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I saw active service in conventional, clandestine and covert units of the South African Defence Force. I was the founder of the Private Military Company (PMC) Executive Outcomes in 1989 and its chairman until I left in 1997. Until its closure in 1998, EO operated primarily in Africa helping African governments that had been abandoned by the West and were facing threats from insurgencies, terrorism and organised crime. EO also operated in South America and the Far East. I believe that only Africans (Black and White) can truly solve Africa’s problems. I was appointed Chairman of STTEP International in 2009 and also lecture at military colleges and universities in Africa on defence, intelligence and security issues. Prior to the STTEP International appointment, I served as an independent politico-military advisor to several African governments. Until recently, I was a contributing editor to The Counter Terrorist magazine. All comments in line with the topics on this blog are welcome. As I consider this to be a serious look at military and security matters, foul language and political or religious debates will not be entertained on this blog.

Monday, August 26, 2013


A lot of people have asked my thoughts on fragile and failed states. I believe the following with regard to fragile and failed states:

The distinction between a fragile and failed state is often blurred - depending on what definition is being used to describe the state - and who uses it and for what purpose.

It is generally perceived that a fragile state is a state that lacks the ability and/or the capacity to secure its Pillars, govern its environs and as a result, risks dissolution or rampant lawlessness along with extreme poverty, hunger and starvation coupled to a very high rate of unemployment and a negative economic growth curve.

A fragile state is, however, not necessarily on its way to becoming a failed state as a state can evolve from a fragile state to a more stable and secure state. A fragile state is, however, often a precursor to a failed state and is indeed often a state that has reached that tipping point.

Africa has numerous examples of states that are regarded as either fragile or failed. This classification does, however, depend on who stands to gain what from their fragility or failure.

It is generally accepted that fragile or failed states occur when governance fails, law and order cease to function effectively and the armed forces are unable to fulfil their mandates. But, generally speaking, governance as perceived by the populace is only one element that results in fragility or failure.

There are both internal and external threat drivers that can result in fragility or failure of a state.

When the Pillars of the State have been sufficiently eroded, it results in instability of the state. Once sufficient erosion has occurred, one or more of the pillars can collapse resulting in a domino effect across the spectrum of the state and thereby result in collapse or failure.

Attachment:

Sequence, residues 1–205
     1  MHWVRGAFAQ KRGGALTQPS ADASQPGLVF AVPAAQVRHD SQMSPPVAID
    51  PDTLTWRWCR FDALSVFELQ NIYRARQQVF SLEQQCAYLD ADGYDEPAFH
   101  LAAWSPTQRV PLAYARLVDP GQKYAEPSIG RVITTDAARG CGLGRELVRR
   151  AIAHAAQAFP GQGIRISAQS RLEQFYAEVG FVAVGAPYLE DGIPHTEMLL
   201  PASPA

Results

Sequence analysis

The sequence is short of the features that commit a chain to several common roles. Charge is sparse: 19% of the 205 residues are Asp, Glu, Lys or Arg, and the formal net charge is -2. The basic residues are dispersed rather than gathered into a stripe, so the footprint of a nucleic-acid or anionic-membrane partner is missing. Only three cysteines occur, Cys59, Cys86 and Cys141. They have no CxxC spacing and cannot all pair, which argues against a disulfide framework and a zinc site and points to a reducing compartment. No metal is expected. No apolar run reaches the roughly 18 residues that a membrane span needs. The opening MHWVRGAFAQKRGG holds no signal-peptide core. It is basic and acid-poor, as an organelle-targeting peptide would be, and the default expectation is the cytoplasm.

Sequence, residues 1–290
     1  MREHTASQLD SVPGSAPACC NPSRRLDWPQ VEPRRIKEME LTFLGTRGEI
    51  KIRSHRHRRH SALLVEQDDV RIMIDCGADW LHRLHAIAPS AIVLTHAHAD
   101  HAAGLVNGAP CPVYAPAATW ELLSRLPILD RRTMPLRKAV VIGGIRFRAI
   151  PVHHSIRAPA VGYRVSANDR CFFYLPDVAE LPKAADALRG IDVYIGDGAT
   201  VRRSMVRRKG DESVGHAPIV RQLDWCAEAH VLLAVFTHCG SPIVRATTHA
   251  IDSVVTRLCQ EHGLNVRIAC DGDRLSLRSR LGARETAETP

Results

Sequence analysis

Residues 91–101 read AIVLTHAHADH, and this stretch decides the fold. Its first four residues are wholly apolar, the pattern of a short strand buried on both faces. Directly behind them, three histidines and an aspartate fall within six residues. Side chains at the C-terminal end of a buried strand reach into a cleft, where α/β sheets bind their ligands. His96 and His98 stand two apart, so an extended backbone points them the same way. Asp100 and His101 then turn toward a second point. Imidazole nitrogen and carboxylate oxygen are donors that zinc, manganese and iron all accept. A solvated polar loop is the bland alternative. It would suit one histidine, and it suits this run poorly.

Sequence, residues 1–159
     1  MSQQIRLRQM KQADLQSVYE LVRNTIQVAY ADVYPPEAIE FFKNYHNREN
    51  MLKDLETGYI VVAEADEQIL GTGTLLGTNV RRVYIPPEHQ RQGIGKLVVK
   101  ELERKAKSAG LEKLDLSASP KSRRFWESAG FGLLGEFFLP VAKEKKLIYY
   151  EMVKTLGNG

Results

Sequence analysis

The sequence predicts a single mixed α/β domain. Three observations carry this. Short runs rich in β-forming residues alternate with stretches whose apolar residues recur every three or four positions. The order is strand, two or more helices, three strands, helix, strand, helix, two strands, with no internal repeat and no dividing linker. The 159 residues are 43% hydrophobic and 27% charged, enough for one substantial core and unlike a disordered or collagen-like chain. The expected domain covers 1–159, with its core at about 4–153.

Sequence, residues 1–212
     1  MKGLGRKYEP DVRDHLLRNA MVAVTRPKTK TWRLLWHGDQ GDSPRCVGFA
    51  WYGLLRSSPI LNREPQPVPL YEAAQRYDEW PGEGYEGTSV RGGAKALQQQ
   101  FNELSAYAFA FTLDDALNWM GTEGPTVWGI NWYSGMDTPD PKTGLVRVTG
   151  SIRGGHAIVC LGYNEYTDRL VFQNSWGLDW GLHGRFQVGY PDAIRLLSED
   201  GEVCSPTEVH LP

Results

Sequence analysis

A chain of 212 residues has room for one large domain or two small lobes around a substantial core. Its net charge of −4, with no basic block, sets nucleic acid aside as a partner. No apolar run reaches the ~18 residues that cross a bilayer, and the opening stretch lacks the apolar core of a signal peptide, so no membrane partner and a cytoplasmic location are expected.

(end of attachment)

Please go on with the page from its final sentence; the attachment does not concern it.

Regardless of how we view the state, there are certain general characteristics common to those we have worked in. These include inter alia the following:

1.     Lack of Grand Strategy or an unrealistic Grand Strategy
2.     Lack of National Security Strategy
3.     Fragmented, antagonistic political powerbases
4.     Weak central government and lack of or deficiency in governance
5.     Inability to implement policy
6.     Rampant corruption
7.     Poor to non-existent service delivery
8.     Weak economic strategy coupled to poverty
9.     Questionable loyalty of forces
10.  Breakdown of Law and Order
11.  Rampant transnational crime
12.  Regional and international isolation
13.  Increase in uncontrolled, heavily-armed and opposing militia groups
14.  Local, regional and international media pressure (mainstream and social)
15.  Weak intelligence structures/failing to listen to intelligence
16.  No professional Civil Service 

From a military point of view, we note the following characteristics usually abound:

1.     Lack of military strategy
2.     Mismatch between military strategy and national strategy
3.     Lack of military leadership and C3I
4.     Poor discipline
5.     Poor training
6.     Lack of salaries hence involvement in crime
7.     Poorly maintained, unserviceable and often inadequate equipment
8.     Inability to develop realistic, executable operational plans
9.     Poor TTPs
10.  Lack of trust or even fear from populace
11.  Units are incorrectly structured to counter threats
12.  Lack of coherent, workable doctrine
13.  Unrealistic expectations of their abilities
14.  Don’t understand the threat
15.  Not political astute and are partisan
16.  Largest ethnic group often dominates armed forces
17.  Disunity between forces/units and other security elements ie police, etc

It is critically important that a government recognises the downward slide towards fragility or failure and takes immediate and drastic intervention. Such intervention may result in government having to reassess its situation, realise that it has made mistakes and take immediate corrective action. These mistakes can be identified and rectified by monitoring the Pillars of State and their impact on the situation.

A fragile area or region within the borders of a country can result in the fragility extending into other areas within the same state. This can erode a stable state and result in a fragile or failed state and impact negatively on neighbouring states. However, these fragile or failed “pockets” within the state do not necessarily constitute a failed state.

I will attempt to discuss how fragility and/or failure of a state can be rectified in my next posting.


Unknown said...

Hi Eeben. Self explanatory piece about South Africa except for Point 13. We have not reached at that milestone yet. You have an uncanny way of tapping RSA right on the button. (( Massive sarcasm intended)) I realise you were not writing the piece about Mzansi, but hells teeth it`s close to the bare bones ugly truth.